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Business case for industrial waste heat/cold recovery (IA Innovation action) - LC-SC3-EE-6-2018-2019-2020
Deadline: 04 Sep 2018   CALL EXPIRED

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Specific Challenge:

Energy and fuels represent an important part of the production costs in several Resource and Energy Intensive Industries (REII). While a lot of technical progress has already been done in REII to reduce the energy consumption of the main industrial processes, significant parts of the input-energy are still lost in the form of waste heat/cold by gas, liquid or solid streams. Wide-scale deployment of industrial waste heat/cold recovery is hindered, among others, by the lack of financial/ economic justification for the required equipment and, at times, by the limited industrial applicability (i.e. process re-integration). Often, it is forgotten that directly or after an intermediate transformation step, the sources of heat/cold losses of a given industry can be a valuable resource for other industries and buildings/ District Heating and Cooling operators and that they could be of commercial interest for the waste heat/cold producer.

Scope:

2018 (Innovation action):

Cost-benefit models for industrial waste heat/cold recovery:

Proposals should develop integrated cost-benefit simulation tools that, based on the characterization of processes, heat/cold streams and other relevant variables, can determine the best utilisation options of recovered waste heat/cold and/ or surplus renewable energy from industrial and eventual other sources (when available). Proposals should also consider the possibility to contribute to efficient use/system integration of renewable energy sources through e.g. heat/cold storage and flexible production.

The proposals are expected to put forward simulation tools that would allow industrial sites/parks to determine the most financial attractive option for using their recovered waste heat/cold and/or surplus renewable energy. This should be based on, inter-alia, waste heat/cold recovery (and storage if necessary) costs (including equipment and process adaptation), retail and/ or whole sale energy prices, (new contracts) administrative and legal costs, (external connecting) infrastructure costs, internal and external demand, waste heat/cold as source of flexibility in electricity system. Other relevant variables should also be included, inter-alia, characterisation of barriers and opportunities on the DHC side (e.g. competition with other heat/cold sources, thermal storage, regulatory conditions). The simulation tools are expected to be flexible enough to allow a large number of different types of industrial sites/ parks to use it, i.e. should allow many energy intensive process characterizations irrespective of the industrial sector and geographic location, and should also take into account supply-demand dynamics.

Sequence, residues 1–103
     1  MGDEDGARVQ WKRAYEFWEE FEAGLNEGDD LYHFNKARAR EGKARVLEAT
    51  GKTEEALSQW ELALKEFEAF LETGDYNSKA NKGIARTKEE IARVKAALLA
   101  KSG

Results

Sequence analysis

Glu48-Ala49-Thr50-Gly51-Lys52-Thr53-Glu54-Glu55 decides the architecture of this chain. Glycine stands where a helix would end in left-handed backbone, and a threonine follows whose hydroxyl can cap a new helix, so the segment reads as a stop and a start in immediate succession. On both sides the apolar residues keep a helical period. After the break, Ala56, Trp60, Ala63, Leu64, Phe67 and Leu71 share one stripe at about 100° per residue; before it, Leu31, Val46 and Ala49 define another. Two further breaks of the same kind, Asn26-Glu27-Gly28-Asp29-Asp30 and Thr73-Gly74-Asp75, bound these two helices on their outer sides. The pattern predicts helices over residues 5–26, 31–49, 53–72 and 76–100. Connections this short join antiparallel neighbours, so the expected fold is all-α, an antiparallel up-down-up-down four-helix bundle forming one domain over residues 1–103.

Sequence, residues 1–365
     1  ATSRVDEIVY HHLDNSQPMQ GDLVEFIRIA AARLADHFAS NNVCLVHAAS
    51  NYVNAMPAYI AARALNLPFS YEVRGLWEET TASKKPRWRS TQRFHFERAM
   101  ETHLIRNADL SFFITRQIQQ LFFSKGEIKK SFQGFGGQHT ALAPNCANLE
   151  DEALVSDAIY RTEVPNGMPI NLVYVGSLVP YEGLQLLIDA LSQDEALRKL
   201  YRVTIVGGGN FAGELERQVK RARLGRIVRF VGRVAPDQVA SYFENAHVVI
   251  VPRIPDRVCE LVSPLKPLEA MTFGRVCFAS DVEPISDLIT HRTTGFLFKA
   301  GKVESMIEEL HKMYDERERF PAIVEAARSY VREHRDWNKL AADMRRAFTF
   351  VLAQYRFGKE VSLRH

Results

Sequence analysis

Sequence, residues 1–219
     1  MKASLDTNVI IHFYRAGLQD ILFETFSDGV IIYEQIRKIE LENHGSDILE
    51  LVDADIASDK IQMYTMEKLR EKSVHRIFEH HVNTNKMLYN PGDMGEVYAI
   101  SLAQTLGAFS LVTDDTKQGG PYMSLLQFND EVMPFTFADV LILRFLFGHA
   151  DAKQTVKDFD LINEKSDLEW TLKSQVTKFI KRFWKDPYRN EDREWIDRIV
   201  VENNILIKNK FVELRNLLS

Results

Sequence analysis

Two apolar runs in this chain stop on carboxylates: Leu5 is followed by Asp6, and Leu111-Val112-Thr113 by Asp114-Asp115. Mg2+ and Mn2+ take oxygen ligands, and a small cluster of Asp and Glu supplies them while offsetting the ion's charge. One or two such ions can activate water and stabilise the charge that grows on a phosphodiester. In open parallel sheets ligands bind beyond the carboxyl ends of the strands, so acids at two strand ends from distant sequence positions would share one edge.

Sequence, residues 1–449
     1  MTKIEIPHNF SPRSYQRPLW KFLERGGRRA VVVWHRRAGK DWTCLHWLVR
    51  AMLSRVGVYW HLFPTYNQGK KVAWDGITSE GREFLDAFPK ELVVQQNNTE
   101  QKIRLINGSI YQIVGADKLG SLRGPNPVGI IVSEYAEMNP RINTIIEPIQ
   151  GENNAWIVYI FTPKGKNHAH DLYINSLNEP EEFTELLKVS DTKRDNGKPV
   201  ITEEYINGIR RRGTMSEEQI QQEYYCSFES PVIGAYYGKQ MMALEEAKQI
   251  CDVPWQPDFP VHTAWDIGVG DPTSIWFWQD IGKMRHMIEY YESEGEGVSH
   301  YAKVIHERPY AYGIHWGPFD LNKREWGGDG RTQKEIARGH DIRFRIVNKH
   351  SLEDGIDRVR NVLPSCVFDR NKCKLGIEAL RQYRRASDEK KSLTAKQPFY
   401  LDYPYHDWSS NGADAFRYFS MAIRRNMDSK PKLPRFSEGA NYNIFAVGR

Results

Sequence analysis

The simulation tools should be validated through demonstration in real operating conditions in industrial facilities.

Proposals are expected to include clear business model development and a clear path to finance and deployment. Key partners should have the capability and interest in making the developed solution a core part of their business/service model to their clients.

Proposals are expected to look at relevant business models for the collaboration outside the plant/industrial park and have strong communication and dissemination components in order to reach many industries, large private facilities and public authorities.

This topic contributes to the roadmap of the Sustainable Process Industry through Resource and Energy Efficiency (SPIRE) cPPP.

The activities are expected to be implemented in the range of TRL 4-8 (please see part G of the General Annexes).

The Commission considers that proposals requesting a contribution from the EU of between EUR 3 and 4 million would allow this specific challenge to be addressed appropriately. Nonetheless, this does not preclude submission and selection of proposals requesting other amounts.

2019 (Coordination and support action):

Symbiosis in industrial parks and clusters- non-technological barriers

Proposals should improve the energy efficiency of industrial parks districts and clusters by unlocking the market potential and supporting the demand and offer of high-quality energy services by addressing at least one of the following: